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Getting Knocked Off the Meditation Cushion: Unlearning Meditation

I recall going into the local sangha, taking a seat on my cushion, and the women in a chair beside me leaned down. “I notice whenever you come here that you always sit in a different place.” I smiled. “Yes, I’m not crazy about routine, and I enjoy challenging my comfort zones.” She looked at me like I was from another planet.

But I like to boldly go where no man has gone before, to seek new life, new civilizations . . . Sorry, channeling Star Trek there.

Change is something I am comfortable with in many ways, often more so than with routine. In fact, I had told my grandmother when I was 8 that surely there was no god, because if there were the grass would be a different color every day, and the land would always look different. Nothing to do with the existence of god, but it speaks volumes how I expected change.

So, it’s not surprising that meditation often bores me to the point of torture, or that a book called Unlearning Meditation would grab my attention. However, what did catch me by surprise was that in following the advice of this book, I have discovered I had fallen into many meditation routines, some of which I had developed attachments to. Additionally, I was finding comfort in the breath without even realizing it . . .

I have not been this interested or impressed with a meditation book as I have been with this one in a long time. The last thing I was looking for was a book on meditation. My shelves are filled with them. Then The Secular Buddhist came out with a podcast I couldn’t resist listening to Unlearning Meditation, Part 1 with Jason Siff. I decided to listen to the podcast, but not buy the book. But, by the end of the podcast, I shopped and bought the iBook version. So, I warned ya!

In spite of the fact that I have never enjoyed meditation much, like many seem to, I have found it profoundly beneficial and valuable to my perspective, my view of this thing I call self, mindfulness in how I behave in the world, how I react internally, and on and on.

So, I didn’t hesitate to take the challenge of unlearning what I had been taught. To knock myself off my cushion, so to speak, to bump myself out of my comfort zones was welcome. Jason’s advice did that, and more.

While I was eager to challenge myself, I didn’t have to go far. Immediately, by changing up the way I had been mediating, I discovered that when I’m not poking and prodding at myself to return to the breath, I have a tendency to go there naturally. I had no idea! That may not sound big to you, but honestly I had previously felt like I was forcing myself and feeling resentful about it. But when not forced, I found, after swimming around with some thoughts, emotions, desires, etc, I’d landed awareness in the calm peaceful waters of just breathing.

When boredom arose, I allowed whatever to happen, and found mindfulness placed on the feel of my hands against my thighs, then a general mindfulness of body and some kind of weird thoughtless awareness that I only experienced once before after meditating for three days in retreat! Suddenly noticing this, my awareness backed up, filled with amazement. I allowed myself to revel in that for a bit, not poking, not nudging it in any particular direction, not trying to let go, and found awareness fell back on the breath naturally again. Interesting.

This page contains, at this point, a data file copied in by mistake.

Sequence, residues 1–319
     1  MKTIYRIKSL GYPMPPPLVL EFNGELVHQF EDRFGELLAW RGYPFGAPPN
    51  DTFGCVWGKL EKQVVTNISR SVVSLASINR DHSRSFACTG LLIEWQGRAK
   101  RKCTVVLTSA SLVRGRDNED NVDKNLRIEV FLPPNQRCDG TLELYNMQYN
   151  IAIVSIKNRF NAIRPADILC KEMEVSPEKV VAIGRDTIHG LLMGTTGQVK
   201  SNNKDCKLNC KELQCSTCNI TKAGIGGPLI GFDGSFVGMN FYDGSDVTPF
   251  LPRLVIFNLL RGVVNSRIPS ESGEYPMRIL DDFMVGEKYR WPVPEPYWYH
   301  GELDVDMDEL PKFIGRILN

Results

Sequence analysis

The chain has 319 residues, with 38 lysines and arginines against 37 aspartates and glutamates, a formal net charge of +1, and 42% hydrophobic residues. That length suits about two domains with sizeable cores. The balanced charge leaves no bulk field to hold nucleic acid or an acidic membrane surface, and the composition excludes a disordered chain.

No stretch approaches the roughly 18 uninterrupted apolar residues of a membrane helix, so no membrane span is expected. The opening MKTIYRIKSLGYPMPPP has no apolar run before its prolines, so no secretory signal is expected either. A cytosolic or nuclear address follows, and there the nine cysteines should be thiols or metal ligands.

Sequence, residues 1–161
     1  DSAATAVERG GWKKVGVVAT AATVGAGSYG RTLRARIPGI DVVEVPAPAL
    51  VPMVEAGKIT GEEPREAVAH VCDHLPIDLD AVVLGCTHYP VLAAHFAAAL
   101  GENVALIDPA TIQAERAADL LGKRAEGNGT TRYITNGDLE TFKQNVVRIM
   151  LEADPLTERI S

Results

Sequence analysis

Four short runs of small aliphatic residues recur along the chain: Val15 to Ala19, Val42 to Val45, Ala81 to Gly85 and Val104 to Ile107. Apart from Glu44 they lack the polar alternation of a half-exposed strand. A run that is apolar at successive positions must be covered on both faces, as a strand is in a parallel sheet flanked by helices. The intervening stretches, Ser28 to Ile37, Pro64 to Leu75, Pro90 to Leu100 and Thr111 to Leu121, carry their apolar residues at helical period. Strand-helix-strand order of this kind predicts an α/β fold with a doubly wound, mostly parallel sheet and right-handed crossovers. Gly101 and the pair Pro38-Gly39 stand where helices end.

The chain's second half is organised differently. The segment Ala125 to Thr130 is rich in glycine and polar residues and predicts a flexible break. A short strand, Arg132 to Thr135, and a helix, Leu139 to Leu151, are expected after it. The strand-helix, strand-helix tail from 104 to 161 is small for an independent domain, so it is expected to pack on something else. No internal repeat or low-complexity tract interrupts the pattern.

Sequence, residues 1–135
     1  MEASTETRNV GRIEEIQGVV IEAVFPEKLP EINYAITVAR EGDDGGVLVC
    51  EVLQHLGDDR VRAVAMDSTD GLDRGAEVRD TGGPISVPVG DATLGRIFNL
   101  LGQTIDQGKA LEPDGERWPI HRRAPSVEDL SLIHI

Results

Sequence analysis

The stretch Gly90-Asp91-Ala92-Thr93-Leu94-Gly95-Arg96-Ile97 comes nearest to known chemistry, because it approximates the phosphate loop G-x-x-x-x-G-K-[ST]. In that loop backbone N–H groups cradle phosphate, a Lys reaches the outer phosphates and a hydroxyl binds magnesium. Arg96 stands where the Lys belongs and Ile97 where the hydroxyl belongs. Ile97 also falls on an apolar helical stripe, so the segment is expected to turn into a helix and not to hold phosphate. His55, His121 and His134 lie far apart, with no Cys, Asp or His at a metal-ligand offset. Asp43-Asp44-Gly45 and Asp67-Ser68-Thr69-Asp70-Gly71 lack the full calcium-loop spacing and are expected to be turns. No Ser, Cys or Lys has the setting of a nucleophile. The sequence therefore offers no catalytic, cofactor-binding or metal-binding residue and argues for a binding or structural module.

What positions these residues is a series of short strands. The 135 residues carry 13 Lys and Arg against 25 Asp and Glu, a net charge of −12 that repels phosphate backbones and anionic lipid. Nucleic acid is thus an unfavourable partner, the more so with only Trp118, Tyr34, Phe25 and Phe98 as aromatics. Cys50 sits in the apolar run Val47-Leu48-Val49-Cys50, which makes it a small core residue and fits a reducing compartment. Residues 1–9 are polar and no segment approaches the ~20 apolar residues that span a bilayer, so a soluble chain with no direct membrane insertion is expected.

Apparently I had developed a strict habit of demanding I return to the breath with every thought that arose, and with it, unmindfully, resentment had arisen. Without a guard on duty, awareness just went and rested there naturally. When I intentionally then dragged awareness off the breath, I found discomfort arising. Fascinating. I’d become attached to being on the breath!

In hindsight, it’s not surprising that I would respond well to this unlearning. I don’t take to rules and orders well. I’ve never been one for routine, and naturally lean into spontaneity.  Yet, I was surprised at how difficult it was for me to let go of the meditation rules I had been taught, the expectations, and gasp, how I had become comfortable with certain routines!

The method to Jason’s madness of unlearning what you had been taught in meditation is effective because in taking yourself out of routines, rules, advice, expectation, etc. you free yourself up for wisdom to arise, for discovery, and new learning to emerge. Unlearning meditation has invigorated my practice in interesting ways, and I’m discovering new ways the self arises, new triggers to the ol’ ego, and new places of profound peace and wisdom.

Do listen to the podcast, and change up your meditation practice, explore new ways of mindfulness of mind and thinking, mindfulness of body, etc. You’ll be surprised how getting knocked off your meditation cushion can wake up new understanding.

No Comments

  1. earl on August 25, 2011 at 11:38 am

    Great reflection on your phenomenology of awareness. Indeed.

  2. mknick on August 26, 2011 at 9:25 am

    I think Gotama’s parable of the lute is very helpful. A stringed instrument has to be tuned just right — not too much tension, not too little. In the same way, we have to find a balance in our practice between bringing enough effort and technique to stay mindfully aware, but not so much that we start to struggle, fixate, and judge ourselves.

  3. Sabio Lantz on August 28, 2011 at 4:23 pm

    I am likewise a person who changes seats regularly, travels different roads intentionally (even if longer), and loves change for change’s sake. So the book sounds enticing. Thanks for the post.

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